a whole lot more dire now that the two of them were standing alone in the great
silence of the forest.
“Go, then,” he said. “There’s a bush right over there.”
“Okay,” Luma said meekly.
Her bladder really was aching – she’d just finished a pretty
big smoothie when Antonio came into her room and she’d been squirming in her
seat for quite a while. Trying not to think about how badly she had to
go was the only thing that had been distracting her from the awfulness of the
situation, but she couldn’t ignore it anymore.
She went behind the bush, the heels of her shoes sinking
into the soft earth and pine needles poking her bare legs as she lifted her
skirt. Just as she was beginning to feel a bit better – about one thing, at
least – she heard the Audi’s engine roar to life.
Oh God, he’s leaving me out here!
Luma rushed to rearrange her skirt and darted out from
behind the bush just in time to see Antonio floor the gas pedal. The tires spun
in place for a moment, kicking up dirt and moss from the forest floor, and then
the car gained traction and Antonio drove it straight into a tree.
“What the hell?” Luma shouted as the hood crumpled slightly
and the engine died. A small tendril of steam was rising from the car and Luma
ran around to the driver’s side. “Antonio, are you okay?”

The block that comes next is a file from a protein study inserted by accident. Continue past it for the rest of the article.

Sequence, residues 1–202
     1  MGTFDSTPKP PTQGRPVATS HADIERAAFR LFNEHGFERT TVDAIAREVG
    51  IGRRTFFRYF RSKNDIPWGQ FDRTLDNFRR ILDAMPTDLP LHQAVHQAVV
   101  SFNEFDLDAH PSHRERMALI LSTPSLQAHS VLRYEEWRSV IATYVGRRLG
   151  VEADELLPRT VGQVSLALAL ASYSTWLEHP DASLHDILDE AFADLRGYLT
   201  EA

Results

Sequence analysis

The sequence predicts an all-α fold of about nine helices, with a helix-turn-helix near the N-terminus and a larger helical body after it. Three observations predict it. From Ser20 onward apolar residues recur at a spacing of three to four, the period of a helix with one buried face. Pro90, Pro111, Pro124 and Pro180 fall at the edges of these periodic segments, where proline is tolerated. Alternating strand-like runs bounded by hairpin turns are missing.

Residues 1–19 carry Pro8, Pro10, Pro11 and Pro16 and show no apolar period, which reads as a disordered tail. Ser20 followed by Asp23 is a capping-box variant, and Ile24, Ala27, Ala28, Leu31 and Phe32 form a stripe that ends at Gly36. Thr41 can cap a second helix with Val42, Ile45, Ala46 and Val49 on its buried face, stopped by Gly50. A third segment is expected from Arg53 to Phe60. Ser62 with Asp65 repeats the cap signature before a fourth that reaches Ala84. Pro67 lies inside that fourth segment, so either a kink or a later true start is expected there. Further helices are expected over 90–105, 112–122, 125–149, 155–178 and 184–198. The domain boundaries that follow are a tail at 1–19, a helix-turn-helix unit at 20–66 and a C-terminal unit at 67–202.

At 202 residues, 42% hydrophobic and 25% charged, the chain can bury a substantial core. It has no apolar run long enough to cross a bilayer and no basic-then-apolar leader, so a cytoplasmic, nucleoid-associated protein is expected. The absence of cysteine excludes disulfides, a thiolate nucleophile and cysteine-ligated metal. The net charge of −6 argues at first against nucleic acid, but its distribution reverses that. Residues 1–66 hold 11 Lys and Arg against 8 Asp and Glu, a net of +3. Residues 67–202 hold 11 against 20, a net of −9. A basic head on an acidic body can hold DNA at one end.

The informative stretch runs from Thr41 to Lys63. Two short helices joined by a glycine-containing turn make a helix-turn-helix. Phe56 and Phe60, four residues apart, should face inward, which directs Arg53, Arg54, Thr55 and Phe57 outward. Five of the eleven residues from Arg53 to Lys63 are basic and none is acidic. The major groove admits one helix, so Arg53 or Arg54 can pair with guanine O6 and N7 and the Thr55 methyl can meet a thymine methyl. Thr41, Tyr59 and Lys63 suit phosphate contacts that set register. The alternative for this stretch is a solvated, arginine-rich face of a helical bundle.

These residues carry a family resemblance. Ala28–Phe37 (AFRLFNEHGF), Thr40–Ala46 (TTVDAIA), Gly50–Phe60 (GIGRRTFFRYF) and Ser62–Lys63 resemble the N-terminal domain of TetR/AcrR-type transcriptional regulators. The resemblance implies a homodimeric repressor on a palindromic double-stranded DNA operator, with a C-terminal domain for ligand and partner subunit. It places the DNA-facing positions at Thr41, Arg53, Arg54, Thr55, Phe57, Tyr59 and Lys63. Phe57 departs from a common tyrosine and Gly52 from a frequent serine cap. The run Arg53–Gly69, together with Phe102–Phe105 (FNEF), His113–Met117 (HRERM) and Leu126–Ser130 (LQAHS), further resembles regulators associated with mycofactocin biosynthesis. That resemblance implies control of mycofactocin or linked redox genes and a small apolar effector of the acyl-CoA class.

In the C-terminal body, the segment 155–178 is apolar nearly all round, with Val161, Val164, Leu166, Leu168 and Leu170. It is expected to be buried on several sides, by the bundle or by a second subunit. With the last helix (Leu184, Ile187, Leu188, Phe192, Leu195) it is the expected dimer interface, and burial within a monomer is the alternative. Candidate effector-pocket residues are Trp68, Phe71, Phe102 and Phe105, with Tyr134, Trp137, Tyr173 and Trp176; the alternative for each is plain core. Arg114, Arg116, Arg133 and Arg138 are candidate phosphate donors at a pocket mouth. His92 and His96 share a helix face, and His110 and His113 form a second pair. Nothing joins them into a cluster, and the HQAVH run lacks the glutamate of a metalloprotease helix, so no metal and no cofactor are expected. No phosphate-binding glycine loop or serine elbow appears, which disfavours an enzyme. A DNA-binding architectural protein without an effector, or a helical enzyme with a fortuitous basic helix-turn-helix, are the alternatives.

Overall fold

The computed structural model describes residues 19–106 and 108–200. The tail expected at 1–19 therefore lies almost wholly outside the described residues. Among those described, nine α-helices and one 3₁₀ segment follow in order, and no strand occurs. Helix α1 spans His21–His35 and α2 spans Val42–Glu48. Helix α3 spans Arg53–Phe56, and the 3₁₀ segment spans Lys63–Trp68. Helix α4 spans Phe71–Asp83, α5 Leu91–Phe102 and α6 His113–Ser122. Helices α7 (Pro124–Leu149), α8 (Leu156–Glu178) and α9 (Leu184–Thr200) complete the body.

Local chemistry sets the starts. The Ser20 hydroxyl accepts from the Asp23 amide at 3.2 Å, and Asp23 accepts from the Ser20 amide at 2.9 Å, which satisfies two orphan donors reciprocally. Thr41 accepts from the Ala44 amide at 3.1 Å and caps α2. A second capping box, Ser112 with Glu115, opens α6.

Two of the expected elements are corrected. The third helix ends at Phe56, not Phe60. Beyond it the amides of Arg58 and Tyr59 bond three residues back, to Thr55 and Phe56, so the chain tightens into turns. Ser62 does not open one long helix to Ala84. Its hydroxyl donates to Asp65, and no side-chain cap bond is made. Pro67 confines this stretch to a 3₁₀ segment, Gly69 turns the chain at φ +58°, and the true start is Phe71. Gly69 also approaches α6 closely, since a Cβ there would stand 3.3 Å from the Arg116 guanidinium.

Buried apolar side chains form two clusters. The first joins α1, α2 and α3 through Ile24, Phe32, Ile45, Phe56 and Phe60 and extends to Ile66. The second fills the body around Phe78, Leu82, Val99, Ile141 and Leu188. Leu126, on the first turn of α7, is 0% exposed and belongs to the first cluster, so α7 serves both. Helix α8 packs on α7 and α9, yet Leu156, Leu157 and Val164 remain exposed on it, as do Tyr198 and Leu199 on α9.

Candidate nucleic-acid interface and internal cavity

She got there just in time for him to open the door – he had
to put his shoulder into it since the collision had bent the frame of the car.
He got out, unscathed, and Luma looked at him wide-eyed and speechless.
Antonio put his hands on her shoulders, their eyes locking
as he said, “Your stepmother ordered me to bring you out here and kill you.
I’ve been going over it in my head for the last three hours, trying to imagine
a world in which I could do that, and I just can’t.”
Tabitha wants me dead?
A jolt of fear ripped through her, followed by a twinge of
relief. Antonio said he couldn’t do it – so where did that leave them? Standing
next to the smoking remains of Luma’s car, that was where. No matter what else
happened, they weren’t going to be driving out of there.
“Listen carefully,” Antonio said. “You met with the modeling
agency yesterday. They sent you on a go-see and that’s where you were going
today – you were driving alone, a deer jumped in front of your car and you
crashed. You must have been disoriented – maybe you hit your head. You wandered
into the woods and no one heard from you again.”
“Tabitha has her eyes on your trust fund,” he continued.
“You know that, right?”
“I know she hates getting an allowance from my father,” Luma
said, swallowing hard. “But this is about the modeling contract, isn’t it?” He
shook his head and Luma had never seen him so serious. “She really wants me
“I’ve been her right hand for ten years,” Antonio said. “I
know her better than anybody and I know when she’s serious about something.